Senator Andrew Bragg has expressed his disappointment with the Australian Senate Economics Legislation Committee’s rejection of The Digital Assets (Market Regulation) Bill 2023. The committee’s decision has raised concerns about the pace at which the government is addressing cryptocurrency regulation in the country.
In a report that divided along party lines, the committee opted not to support Bragg’s proposed bill. Instead, they recommended that the government engage in further consultations with industry stakeholders to develop comprehensive and appropriate regulations for digital assets in Australia.
Bragg, who represents New South Wales, criticized the rejection, accusing the Labor government of stalling the regulation of cryptocurrencies. He argued that the government had effectively “put regulating crypto in the slow lane.”
The committee’s assessment of Bragg’s bill highlighted several issues, including a lack of detail and certainty in the proposed legislation. They also noted that the bill did not align with the government’s existing approach to cryptocurrency regulation and failed to harmonize with international regulatory frameworks. Additionally, concerns were raised about the potential for regulatory arbitrage and negative consequences for the cryptocurrency industry.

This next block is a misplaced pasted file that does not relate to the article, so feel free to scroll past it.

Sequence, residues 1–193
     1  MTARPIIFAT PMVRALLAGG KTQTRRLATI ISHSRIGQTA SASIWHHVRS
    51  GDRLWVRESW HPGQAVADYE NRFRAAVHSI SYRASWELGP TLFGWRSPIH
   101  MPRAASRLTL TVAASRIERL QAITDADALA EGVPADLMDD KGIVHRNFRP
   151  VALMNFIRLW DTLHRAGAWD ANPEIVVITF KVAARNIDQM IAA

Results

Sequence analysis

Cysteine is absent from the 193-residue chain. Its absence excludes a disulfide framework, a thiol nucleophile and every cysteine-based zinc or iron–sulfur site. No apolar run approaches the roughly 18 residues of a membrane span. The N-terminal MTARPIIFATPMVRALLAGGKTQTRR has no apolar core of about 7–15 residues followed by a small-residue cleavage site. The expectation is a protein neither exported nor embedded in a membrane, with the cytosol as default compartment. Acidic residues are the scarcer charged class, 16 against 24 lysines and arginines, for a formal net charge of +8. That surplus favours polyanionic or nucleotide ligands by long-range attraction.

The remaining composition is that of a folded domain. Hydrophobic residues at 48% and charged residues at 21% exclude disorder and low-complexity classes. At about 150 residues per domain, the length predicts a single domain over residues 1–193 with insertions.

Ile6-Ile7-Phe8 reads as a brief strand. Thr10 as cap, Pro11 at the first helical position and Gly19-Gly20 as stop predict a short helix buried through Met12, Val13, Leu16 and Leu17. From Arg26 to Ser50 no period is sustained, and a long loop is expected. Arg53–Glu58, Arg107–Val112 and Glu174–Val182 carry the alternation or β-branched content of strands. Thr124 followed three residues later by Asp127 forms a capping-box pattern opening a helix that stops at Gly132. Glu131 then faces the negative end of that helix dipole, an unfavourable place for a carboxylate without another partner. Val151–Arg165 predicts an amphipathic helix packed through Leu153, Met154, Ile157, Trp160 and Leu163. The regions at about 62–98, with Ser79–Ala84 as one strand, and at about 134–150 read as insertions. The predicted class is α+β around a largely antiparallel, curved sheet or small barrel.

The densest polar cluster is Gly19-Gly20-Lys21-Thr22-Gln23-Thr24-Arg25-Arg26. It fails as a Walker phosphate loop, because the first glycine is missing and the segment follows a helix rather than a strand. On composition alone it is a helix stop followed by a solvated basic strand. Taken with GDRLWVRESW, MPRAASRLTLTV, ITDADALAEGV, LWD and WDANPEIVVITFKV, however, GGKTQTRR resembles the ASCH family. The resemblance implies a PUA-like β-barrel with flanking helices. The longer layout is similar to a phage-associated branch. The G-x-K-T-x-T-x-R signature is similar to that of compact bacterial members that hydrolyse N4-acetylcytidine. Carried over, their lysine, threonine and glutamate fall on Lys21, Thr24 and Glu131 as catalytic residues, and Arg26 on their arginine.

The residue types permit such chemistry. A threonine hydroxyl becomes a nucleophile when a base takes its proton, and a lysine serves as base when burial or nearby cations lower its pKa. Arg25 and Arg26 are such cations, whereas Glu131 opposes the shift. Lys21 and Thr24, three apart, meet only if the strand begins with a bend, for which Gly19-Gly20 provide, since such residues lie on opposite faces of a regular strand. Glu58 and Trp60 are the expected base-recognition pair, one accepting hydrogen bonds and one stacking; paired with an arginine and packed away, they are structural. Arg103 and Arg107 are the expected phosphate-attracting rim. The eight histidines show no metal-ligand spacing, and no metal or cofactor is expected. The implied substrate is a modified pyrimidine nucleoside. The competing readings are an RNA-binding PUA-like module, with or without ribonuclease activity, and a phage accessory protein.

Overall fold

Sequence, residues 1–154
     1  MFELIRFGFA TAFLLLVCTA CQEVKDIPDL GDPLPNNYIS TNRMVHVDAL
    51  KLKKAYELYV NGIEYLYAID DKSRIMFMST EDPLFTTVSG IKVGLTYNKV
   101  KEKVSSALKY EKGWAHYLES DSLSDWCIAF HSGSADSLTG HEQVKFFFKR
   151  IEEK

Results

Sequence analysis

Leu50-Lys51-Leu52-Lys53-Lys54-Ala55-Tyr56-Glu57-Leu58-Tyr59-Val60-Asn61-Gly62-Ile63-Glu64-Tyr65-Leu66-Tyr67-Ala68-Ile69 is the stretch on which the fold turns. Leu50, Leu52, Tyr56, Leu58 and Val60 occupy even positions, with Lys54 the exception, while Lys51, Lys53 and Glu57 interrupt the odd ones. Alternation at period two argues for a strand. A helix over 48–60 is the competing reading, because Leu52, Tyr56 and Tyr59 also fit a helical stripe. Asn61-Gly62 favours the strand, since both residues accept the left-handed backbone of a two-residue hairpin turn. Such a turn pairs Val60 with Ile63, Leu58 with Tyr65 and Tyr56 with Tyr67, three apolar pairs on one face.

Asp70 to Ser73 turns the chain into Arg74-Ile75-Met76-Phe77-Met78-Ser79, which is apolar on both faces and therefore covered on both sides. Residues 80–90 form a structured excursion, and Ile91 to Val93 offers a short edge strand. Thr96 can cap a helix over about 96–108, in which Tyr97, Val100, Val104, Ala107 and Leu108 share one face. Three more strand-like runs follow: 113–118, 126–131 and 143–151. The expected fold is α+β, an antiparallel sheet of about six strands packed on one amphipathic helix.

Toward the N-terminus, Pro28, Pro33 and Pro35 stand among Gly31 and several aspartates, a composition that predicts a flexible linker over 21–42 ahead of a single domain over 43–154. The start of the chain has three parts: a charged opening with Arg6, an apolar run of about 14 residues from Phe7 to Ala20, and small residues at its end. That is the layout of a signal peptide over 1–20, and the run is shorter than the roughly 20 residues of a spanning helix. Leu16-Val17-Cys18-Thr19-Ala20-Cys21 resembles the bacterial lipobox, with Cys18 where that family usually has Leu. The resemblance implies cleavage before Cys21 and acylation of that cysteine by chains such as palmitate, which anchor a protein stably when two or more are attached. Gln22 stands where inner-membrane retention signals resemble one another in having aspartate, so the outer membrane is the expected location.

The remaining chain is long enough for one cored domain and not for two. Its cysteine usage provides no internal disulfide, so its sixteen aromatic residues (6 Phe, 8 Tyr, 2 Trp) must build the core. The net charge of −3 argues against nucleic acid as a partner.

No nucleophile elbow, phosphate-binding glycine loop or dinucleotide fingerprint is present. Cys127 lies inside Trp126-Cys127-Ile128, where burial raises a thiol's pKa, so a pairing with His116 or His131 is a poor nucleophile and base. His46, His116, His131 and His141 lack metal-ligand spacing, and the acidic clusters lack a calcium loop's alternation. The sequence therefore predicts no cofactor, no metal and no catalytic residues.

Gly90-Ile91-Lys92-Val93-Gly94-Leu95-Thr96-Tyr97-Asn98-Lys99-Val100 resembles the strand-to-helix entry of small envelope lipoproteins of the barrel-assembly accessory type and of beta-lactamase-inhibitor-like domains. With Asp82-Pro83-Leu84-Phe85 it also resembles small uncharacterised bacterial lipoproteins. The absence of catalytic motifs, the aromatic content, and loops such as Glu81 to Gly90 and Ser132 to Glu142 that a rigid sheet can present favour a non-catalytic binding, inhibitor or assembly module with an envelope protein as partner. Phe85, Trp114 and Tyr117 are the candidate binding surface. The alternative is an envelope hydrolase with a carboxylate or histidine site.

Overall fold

Despite the rejection of Bragg’s bill, Prime Minister Anthony Albanese had previously introduced a token mapping consultation paper through the Treasury in February. This paper was expected to pave the way for a separate consultation paper outlining a licensing and custody framework for crypto asset service providers by mid-2023. However, this process has yet to materialize.
The delay in progressing cryptocurrency regulation has left the industry eagerly awaiting the Treasury’s consultation on crypto custody and licensing. Michael Bacina, Chair of Blockchain Australia and a Digital Assets Lawyer, emphasized the importance of building on the industry’s submissions that were part of the Senate Committee’s review of Bragg’s bill.
Meanwhile, the Reserve Bank of Australia initiated a pilot test to explore potential use cases for a central bank digital currency (CBDC). However, it was concluded last month that any decision regarding a CBDC in Australia is likely to be several years away, adding further uncertainty to the country’s cryptocurrency landscape.